- Good laws have noble-sounding goals, and the President never needs to worry about unintended consequences. Nor is the monetary cost of a law an issue. Even though some laws are titled “deficit reduction” laws, the only difference is in their name, and in the fact that they belong to the Treasury’s jurisdiction.
- Congress will randomly invite the President to hold a speech for them, and the President can win over their support for his pet issue by holding a speech filled with platitudes each time, until they start sending him nothing but bills related to that issue.
- Having a foreign country declare war on the US is inconvenient, because then you have to keep running over to the Pentagon to tell your generals how to deal with the constant acts of aggression, when you’d rather be promoting your pet issue.
- The President can end wars by waiting to be invited to meetings in other countries and then flying over to those meetings sufficiently many times.
You may think that I’m being facetious here. But these really are things that one learns when playing the game, because you need to learn them to play the game well. For the same reason, they’re things which are quite likely to stick to the player’s mind the most. Of course, the player also remembers the context of the game, and may be able to use other knowledge to figure out that which parts are only specific to this game and untrue in real life. So hopefully nobody learns many untrue things from Executive Command. Also, many of those points, such as the possibility of Congress overriding a Presidential veto, are addressed in the other games.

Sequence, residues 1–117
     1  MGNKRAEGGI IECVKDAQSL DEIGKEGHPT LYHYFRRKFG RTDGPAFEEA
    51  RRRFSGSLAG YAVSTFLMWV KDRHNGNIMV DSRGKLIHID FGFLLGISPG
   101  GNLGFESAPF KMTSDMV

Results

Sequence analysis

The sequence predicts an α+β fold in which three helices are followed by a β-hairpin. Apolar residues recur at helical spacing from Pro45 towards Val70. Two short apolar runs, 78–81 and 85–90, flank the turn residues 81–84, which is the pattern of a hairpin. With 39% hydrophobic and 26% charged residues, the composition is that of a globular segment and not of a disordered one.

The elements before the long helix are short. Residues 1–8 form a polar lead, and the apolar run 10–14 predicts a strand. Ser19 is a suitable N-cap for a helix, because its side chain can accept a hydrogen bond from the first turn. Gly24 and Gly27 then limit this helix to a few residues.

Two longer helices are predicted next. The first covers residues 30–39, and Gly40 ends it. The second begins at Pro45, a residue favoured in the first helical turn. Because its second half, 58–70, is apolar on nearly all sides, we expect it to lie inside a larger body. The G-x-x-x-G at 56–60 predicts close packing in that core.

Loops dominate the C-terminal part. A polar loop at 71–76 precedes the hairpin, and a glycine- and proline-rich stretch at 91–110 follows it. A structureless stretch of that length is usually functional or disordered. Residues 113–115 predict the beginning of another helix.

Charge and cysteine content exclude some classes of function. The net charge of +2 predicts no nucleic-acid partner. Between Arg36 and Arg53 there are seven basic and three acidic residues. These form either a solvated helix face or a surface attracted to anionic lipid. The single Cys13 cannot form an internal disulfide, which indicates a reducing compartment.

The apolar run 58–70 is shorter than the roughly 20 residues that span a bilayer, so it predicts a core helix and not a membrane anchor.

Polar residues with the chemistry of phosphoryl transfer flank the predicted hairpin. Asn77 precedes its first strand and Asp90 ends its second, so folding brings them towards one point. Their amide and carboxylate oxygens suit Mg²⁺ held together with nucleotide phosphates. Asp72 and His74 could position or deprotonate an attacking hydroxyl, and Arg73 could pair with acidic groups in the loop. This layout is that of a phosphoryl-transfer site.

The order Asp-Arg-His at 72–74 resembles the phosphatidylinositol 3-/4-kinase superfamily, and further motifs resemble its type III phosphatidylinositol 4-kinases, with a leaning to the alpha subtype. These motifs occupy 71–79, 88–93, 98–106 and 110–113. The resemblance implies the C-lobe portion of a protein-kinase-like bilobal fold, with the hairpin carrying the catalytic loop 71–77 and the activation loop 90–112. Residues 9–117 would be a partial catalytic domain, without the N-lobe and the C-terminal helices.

But the point is that the game mechanics are a large part of what the player’s focus and attention are on. If the mechanics are divorced from the actual educational content of the game, that means that part of the game’s educational potential is wasted, since part of what the players learn while playing the game is useless. On the other hand, if mastering the game mechanics is the same thing as learning the educational content, then a much larger part of what the game teaches is the thing that you actually want to teach. As a loose analogy to physics, you could talk about the efficiency of an edugame: how much of the “learning energy” that goes into a game is converted into “useful learning” and how much gets wasted? In other words, of all the things that a player learns while playing the game, how much is actually the kind of learning that we want them to learn, and how much does the player need to discard as an artificial quirk of the mechanics? As in physics, we can probably never get a 100% efficiency, but we can try to get a pretty good ratio. Of course, if you are happy with your players only learning simple things like “the President can veto bills he doesn’t like”, then you might be content with accepting even a large amount of wasted learning.